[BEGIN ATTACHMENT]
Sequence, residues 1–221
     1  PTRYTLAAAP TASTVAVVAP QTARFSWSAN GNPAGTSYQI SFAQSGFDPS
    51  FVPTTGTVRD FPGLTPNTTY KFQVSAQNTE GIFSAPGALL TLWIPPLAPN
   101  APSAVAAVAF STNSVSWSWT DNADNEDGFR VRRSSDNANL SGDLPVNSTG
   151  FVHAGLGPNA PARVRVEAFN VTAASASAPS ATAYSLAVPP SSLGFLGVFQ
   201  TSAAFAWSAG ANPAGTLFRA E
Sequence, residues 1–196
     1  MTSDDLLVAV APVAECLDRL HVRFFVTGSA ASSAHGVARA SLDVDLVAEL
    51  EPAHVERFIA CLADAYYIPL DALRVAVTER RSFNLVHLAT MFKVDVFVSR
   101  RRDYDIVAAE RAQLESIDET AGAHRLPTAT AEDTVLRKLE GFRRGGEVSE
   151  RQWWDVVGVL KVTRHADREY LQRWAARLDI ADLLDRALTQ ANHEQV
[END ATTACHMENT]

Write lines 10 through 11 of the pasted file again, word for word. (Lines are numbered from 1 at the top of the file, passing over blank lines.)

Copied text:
   101  RRDYDIVAAE RAQLESIDET AGAHRLPTAT AEDTVLRKLE GFRRGGEVSE
   151  RQWWDVVGVL KVTRHADREY LQRWAARLDI ADLLDRALTQ ANHEQV